There are some really disturbing factors about this book that on the other hand is well-written and interesting, with sympathetic and coherent main characters as usual in Ms. Balogh's novels. I find I have to detach the novel from real life in general and from the historical background especially. On the other hand, is not escapism the whole idea with this genre of literature?Contrary to some other reader critics of Amazon.Co.UK, I don't find it unbelievable that Ferdinand was a virgin at around thirty. (In fact, I found this detail to be endearing in him.) There is an explanation in the book for this phenomenon, even if one critic had not found it. I have known (even normal) men who have quite certainly been without sexual experience at thirty. Explanations vary; religion is one of them. They do exist (should I say more's the pity?).It certainly worries me - but then, I am a doctor - that Viola has been working as a courtesan independent of any specific lover. She is even proud of the fact that she had been no man's mistress. She has had lots of customers in a circle with a high prevalence for syphilis (not to mention other venereal infections) in those days - even the famous Beau Brummell was a syphilis victim. Viola's customers must have had similar connections to numerous other women in her profession. It is not credible that she could have managed without catching something. I am totally sorry for having said this.Another worrisome detail is the happy ending of this book. Of course it is right in our opinion that Ferdinand collects his male acquaintance and goes and beats the living daylights out of the man that had forced Viola to work as a prostitute, after which the ton accepts Viola into their midst. But then, this is supposed to be the 19th century. Would any male of the London ton have admitted acquaintance with Viola? That would have led to the conclusion that he was a former client of hers. And would any female of the ton have had even the shadow of Viola's skirt touching hers? I don't think so. Things that are right for us living in the 21st century were not as self-evident to the people living 150-200 years ago.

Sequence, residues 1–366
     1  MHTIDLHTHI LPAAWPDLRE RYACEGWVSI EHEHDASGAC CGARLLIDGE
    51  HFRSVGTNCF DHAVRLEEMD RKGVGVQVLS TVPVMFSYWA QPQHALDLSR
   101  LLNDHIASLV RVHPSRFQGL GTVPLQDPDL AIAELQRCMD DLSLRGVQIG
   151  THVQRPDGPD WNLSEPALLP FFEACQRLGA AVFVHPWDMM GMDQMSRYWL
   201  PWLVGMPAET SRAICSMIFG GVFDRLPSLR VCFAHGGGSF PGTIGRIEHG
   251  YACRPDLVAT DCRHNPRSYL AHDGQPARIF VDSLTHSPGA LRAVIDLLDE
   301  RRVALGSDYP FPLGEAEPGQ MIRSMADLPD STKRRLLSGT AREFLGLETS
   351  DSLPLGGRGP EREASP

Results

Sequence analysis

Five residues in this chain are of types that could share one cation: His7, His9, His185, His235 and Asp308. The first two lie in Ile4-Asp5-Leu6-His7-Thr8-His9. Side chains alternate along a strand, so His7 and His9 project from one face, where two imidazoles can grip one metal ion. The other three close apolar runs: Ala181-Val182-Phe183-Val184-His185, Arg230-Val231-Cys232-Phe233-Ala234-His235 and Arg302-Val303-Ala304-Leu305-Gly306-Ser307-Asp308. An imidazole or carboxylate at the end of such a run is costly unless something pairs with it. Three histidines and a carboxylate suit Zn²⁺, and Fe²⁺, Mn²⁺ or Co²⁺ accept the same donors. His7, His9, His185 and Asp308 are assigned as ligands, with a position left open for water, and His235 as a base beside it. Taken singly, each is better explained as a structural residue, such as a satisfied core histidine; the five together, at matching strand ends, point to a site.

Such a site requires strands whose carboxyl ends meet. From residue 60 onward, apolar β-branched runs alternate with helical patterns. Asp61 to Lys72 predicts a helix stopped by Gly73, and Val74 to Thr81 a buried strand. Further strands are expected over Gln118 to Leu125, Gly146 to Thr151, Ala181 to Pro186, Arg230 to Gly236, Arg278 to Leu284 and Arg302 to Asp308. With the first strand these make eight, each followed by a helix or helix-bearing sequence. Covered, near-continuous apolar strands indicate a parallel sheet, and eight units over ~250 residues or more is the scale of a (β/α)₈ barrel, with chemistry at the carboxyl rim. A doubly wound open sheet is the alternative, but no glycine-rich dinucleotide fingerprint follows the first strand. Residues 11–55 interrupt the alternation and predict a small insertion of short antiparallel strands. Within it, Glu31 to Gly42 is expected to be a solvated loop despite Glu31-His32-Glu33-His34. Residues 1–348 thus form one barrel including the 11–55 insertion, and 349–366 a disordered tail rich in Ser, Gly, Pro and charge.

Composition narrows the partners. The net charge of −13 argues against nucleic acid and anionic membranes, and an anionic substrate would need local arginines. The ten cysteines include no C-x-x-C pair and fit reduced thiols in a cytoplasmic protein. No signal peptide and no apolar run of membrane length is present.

• By Kindle Customer on 12 March 2015

    I read the reviews on Kindle and occasionally they put me off reading the books. Thankfully I did not allow the rather hit and miss reviews of this tale deter me and I have been rewarded with an unusual but delightful read.There are a number of negative reviews of this book which frankly I find bizarre.1. I remind myself that this is a novel- it is neither intended to be nor claims to be a serious history ,a social history or a medical treatise.2. I am not therefore in the least bit troubled by the fact that poor Viola did not catch some terrible disease from her clients as the bottom line is not everyone who slept around caught STDs then or now .3. There is nothing unusual about a man being sexually inexperienced though it's generally deemed more interesting for him to be a rake and the female a virgin in novels.4. Not all courtesans remained outside society-look at Elizabeth Armistead who married Charles James Fox: was a celebrated courtesan who had numerous patrons from among the ton ,lived with Fox for many years as his mistress then married him and was generally accepted by society and indeed received a royal pension after his death.So what's not to enjoy !I thought this a lovely story-Viola taken advantage of by an unscrupulous man out of a sense of duty to her family,lovely Ferry having his faith in love restored by both his experience with Viola but also seeing the happy marriages of Jocelyn and Angie.I loved it!

  • By Christina on 29 January 2012

    Found the story entertaining especially with the small twist. One of Mary Balogh's best novels so far as tend to find them slow in places but this one not in the least.

  • By Mrs A Gordon on 15 February 2014

    I find myself reading Balogh's books far too quickly as I'm desperate to reach the inevitable happy ending, and this was no exception. The story was excellent and the characters Devine. I also enjoy the way Balogh let's us see characters from previous novels from another perspective as well as seeing then grow.